Nature Outlook |

Science-led economies

There is no one-size-fits-all recipe for building a strong, research-based economy. Many countries are trying to find a balance between public and private investment in research and development. And developing countries often pursue research with more immediate commercial or social promise instead of basic science.

This Nature Outlook explores the elements that make up a strong science-led economy, the role research-funding policy has, and how the diverse needs of research economies around the globe may be met. It specifically looks at the science funding and policy scenes in Germany, China, Singapore, the Middle East, Rwanda, Russia, Australia and the US state of Massachusetts. Each location has lessons for policymakers as they embark on creating science-led economies.

For more on science-led economies from, see:


More money than ever is being invested in research and development. Countries that previously spent little are now pumping money into science to secure their future economic growth. By Alla Katsnelson, infographic by Alisdair Macdonald.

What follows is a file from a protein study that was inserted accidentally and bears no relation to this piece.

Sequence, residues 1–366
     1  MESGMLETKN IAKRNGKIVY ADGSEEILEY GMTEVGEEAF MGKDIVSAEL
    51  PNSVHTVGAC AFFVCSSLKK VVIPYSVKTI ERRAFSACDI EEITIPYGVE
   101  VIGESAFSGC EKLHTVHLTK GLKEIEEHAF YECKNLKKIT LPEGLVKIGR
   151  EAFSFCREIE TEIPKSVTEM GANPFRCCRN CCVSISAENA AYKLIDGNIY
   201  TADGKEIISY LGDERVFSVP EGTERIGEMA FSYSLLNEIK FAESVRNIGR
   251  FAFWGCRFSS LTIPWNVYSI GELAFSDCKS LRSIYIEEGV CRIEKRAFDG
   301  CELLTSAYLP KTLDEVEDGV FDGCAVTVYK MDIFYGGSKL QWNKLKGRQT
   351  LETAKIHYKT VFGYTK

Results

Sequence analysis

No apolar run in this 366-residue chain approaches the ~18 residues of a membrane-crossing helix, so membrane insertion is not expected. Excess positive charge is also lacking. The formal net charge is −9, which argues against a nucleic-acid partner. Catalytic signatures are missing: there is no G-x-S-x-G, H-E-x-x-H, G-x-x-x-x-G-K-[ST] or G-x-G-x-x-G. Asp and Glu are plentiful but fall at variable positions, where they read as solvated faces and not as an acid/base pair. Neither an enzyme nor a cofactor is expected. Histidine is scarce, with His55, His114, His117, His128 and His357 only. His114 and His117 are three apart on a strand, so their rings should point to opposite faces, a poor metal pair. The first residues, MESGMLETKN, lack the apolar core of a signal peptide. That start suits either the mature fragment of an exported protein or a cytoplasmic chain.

Outlook | | Nature

Chinese researchers are benefiting as the government looks to science to lead the economic transition to become a world-leader in the production of high-value technology.

Outlook | | Nature

Germany's Excellence Initiative was highly debated. With its successor approved, scientists are asking whether equality and scientific freedom can be preserved in a world of competition.

Outlook | | Nature

Australian politicians are embracing innovation as the wellspring for future wealth, but will it come at the expense of basic and fundamental research?

Outlook | | Nature

Singapore has made impressive progress towards putting science at the centre of its economy — but can it afford to continue on its trajectory?

Outlook | | Nature

The Boston region has become a hotbed for life-science jobs, thanks to a constant push to meld research and industry.

Outlook | | Nature

Fostering the connection between science funding and economic growth needs to be based on thoughtful measurement, says Julia Lane.

Outlook | | Nature

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